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$130,000 job with 'no qualifications' that could break ATO best paid Aussies list

Surgeons may always earn the big bucks, but for the rest of us, remaining above the AI line could be key to earning big money.

Glen James and Sharni Campbell
Experts weigh in on the jobs Aussies should be looking at for higher incomes. (Source: Glen James/Sharni Campbell)

The Australian Taxation Office (ATO) recently revealed its top jobs list based on the jobs with the highest taxable incomes. Many of the high-earning roles remain unchanged from previous years.

Surgeons retained the top spot earning an average of $460,356, and have been in the top spot consistently since 2010. Financial dealers, anaesthetists, internal medicine specialists and judicial or other legal professionals are among other jobs on the list that come up year after year.

But what does the future hold for high-paying jobs?



Glen James, author of Sort Your Career Out and Make More Money, told Yahoo Finance that many of the top jobs “carry huge elements of risk”.

“I wouldn’t be surprised if we start to see more roles in these salary lists that reflect technological trends, but I think the top earners will remain those who hold our lives in their hands,” he adds.

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Recruitment expert Sharni Campbell, Director at Synergy Sales Consulting, said digital industries like the “info product” and “digital media” sectors are “on track to be some of the fastest growing industries in the world.”

“Growth in these online sectors has created huge opportunities for highly paid skill sets such as high ticket sales,” she said.

“This high salary role has quite a low barrier to entry, compared to the ATO top jobs list, with no formal qualifications required.”

“The average wage of a high ticket salesperson is upwards of $130,000 per year.”

But Glen James believes that starting with your own skills and strengths is the key to hitting higher incomes.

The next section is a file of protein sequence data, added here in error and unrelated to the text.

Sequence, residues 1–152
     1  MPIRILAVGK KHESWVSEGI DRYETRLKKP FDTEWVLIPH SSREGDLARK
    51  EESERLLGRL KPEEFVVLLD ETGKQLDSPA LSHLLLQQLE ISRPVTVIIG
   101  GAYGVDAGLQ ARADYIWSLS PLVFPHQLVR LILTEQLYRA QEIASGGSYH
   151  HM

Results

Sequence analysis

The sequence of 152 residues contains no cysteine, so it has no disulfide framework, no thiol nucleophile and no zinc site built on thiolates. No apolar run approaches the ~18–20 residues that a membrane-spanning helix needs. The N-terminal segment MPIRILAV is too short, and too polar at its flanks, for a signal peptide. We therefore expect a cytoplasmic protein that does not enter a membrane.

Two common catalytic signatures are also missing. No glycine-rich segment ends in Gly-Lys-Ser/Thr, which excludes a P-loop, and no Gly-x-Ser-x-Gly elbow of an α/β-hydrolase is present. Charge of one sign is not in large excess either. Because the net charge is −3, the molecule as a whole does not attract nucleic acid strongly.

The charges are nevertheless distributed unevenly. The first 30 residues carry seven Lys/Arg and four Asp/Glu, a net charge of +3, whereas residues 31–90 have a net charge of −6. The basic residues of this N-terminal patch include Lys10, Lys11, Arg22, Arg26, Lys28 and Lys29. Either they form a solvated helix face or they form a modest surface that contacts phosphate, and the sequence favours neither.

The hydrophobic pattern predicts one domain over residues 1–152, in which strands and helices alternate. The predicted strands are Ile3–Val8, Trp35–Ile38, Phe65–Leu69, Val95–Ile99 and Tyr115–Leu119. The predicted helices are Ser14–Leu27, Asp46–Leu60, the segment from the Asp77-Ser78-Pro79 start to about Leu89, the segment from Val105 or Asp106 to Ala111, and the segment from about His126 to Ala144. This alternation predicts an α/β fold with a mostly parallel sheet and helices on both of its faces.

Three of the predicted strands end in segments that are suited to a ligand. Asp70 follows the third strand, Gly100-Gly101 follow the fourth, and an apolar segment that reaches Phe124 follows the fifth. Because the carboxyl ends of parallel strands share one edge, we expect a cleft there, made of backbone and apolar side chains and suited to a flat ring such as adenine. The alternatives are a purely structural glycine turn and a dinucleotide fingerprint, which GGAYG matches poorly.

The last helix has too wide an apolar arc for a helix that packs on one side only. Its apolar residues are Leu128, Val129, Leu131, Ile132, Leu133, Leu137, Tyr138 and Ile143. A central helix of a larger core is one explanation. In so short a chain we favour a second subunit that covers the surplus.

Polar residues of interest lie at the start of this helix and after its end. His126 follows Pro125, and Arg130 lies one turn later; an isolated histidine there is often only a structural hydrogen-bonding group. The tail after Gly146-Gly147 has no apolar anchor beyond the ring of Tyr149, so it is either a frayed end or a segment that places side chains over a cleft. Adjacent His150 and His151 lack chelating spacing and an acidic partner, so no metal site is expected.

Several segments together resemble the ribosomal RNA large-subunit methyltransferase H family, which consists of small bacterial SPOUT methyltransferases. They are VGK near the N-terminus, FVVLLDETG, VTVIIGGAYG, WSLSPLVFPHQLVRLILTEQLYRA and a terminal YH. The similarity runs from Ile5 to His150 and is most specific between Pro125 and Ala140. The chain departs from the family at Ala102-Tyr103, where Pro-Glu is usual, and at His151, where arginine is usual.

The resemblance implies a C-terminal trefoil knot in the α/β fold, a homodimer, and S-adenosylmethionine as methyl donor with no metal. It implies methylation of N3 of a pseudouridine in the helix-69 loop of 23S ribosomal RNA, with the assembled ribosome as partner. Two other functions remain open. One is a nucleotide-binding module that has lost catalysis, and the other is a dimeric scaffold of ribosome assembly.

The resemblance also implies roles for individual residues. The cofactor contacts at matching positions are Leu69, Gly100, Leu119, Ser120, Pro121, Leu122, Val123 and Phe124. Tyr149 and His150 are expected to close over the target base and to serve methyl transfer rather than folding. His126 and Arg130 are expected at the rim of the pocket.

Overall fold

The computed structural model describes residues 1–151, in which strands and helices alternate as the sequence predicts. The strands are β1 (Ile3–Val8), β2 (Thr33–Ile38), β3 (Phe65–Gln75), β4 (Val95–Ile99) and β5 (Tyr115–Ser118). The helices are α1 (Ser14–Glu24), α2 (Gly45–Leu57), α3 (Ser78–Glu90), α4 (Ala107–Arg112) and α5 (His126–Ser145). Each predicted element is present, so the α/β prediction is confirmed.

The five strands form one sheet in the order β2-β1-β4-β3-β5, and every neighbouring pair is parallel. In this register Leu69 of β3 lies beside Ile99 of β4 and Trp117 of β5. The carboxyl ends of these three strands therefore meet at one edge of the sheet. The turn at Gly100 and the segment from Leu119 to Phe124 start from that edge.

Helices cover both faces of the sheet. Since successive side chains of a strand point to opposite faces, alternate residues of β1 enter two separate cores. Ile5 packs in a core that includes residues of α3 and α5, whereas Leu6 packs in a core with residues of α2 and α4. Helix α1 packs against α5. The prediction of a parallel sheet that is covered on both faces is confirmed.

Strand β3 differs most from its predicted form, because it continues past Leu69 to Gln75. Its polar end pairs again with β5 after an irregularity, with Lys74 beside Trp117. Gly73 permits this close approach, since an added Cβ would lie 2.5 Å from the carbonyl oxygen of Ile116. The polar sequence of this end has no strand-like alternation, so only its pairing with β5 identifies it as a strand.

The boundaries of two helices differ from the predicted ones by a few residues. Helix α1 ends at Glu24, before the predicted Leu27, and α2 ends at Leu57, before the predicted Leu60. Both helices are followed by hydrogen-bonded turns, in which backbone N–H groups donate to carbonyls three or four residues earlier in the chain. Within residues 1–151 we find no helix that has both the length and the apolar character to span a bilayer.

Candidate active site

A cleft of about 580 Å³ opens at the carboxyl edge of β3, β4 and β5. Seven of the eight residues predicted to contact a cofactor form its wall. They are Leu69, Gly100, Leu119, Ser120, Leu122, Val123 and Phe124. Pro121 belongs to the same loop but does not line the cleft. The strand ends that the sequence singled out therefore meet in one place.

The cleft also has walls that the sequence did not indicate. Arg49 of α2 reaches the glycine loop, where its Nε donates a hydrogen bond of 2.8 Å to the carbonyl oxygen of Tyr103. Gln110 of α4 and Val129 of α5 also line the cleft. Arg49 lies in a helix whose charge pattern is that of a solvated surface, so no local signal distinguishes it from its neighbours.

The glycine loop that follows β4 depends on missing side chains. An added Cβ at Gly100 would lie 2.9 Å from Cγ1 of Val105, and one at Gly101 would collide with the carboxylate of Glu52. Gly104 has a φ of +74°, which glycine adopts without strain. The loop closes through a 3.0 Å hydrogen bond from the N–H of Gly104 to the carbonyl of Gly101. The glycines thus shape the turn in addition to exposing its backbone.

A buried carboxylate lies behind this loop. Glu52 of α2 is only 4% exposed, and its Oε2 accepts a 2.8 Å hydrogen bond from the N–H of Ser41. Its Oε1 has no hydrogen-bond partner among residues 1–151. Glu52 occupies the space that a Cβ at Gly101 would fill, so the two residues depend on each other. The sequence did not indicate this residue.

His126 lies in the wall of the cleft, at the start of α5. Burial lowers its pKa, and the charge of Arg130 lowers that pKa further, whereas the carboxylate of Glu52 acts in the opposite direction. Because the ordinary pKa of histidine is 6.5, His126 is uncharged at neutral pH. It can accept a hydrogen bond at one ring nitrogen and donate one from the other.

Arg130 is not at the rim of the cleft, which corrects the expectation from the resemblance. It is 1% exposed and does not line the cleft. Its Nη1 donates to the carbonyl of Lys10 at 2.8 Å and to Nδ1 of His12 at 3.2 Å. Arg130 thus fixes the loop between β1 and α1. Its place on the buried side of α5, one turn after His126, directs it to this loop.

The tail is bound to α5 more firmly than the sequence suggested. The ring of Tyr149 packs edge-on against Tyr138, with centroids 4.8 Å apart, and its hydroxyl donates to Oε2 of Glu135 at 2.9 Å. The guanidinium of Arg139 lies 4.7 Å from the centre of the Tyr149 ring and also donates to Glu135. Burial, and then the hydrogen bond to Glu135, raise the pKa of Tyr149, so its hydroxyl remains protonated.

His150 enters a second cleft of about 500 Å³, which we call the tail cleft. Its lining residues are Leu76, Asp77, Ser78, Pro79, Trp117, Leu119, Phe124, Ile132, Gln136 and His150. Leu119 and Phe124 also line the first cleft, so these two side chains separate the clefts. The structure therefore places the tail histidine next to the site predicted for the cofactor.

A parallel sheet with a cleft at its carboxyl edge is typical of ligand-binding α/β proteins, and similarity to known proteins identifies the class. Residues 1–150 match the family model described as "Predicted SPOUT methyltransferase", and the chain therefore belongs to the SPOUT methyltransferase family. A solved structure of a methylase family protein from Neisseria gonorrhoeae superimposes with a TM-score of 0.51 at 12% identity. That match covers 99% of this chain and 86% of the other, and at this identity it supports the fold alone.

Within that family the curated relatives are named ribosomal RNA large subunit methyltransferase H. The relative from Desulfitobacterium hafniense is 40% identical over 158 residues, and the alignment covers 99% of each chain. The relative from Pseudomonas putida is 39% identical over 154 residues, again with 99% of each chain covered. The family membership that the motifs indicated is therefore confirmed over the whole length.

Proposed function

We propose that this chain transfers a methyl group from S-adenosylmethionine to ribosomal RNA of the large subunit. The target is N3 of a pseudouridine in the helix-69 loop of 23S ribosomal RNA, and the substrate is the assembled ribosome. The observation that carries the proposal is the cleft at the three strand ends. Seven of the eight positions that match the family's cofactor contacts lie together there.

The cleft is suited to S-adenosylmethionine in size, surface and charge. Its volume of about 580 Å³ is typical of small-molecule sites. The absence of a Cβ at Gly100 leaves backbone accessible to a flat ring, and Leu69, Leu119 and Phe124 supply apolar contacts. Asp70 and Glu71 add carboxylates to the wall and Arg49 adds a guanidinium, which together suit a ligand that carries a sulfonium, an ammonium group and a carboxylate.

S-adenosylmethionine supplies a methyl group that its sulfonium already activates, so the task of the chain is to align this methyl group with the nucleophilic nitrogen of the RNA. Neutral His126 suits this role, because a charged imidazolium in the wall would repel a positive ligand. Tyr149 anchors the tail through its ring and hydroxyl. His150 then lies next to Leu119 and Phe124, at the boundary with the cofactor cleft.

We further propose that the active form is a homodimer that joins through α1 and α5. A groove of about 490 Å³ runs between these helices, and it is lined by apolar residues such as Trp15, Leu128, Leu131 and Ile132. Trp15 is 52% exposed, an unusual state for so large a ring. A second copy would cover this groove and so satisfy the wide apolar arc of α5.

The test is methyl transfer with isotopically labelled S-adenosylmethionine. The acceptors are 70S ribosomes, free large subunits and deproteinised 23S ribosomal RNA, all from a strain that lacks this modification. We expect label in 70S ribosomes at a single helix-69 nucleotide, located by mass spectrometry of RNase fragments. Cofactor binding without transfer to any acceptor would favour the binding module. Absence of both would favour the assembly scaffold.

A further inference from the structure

“Work in a role that utilises your strengths and double down on that,” he said. “That can look like training, studying, gaining work experience, putting your hand up for new projects – just generally being prepared to learn and grow.”

He said that the drastic shift in the work paradigm means changing the way we approach our work and staying abreast of in-demand jobs.

“The idea of the 30-year career is dead," he said.

“Workers need to be agile and ready to shift roles or even industries when changes come through."

He recommended that Aussies look to “super transferable skills” to ensure they’re able to adapt.

The evolution of AI could present new opportunities for those open to taking on new training and investing in their own development. New research from Amazon Web Services (AWS) suggested that acquiring relevant AI expertise could see salaries jump by 29 per cent or more.

In addition to AI-specific expertise, Sharni expressed the importance of staying “above the AI line” by pursuing skills that cannot be replaced by AI.

“Roles that require trust and personal relationships are unlikely to be replaced by AI,” she said.

These may include innately “human skills” like negotiation, emotional intelligence, empathy, persuasion and conflict resolution.

In the world of sales, Sharni said the need for these skills “makes human salespeople indispensable.”

“Prior to COVID, the first question I would be asked from jobseekers when interviewing them would be around salary [but] in 2024, many jobseekers I meet are prioritising the ability to work remotely over salary,” Sharni said.

In addition to flexibility, Glen reminds workers to consider job satisfaction.

“Chasing the money above all else is a big issue,” he said.

“You’ll always earn more when you work [to] your strengths because your performance will be the best it can be.

“If you seek a high salary but don’t have the skill set to match it, or it’s not fulfilling and interesting work, you won’t be satisfied.”

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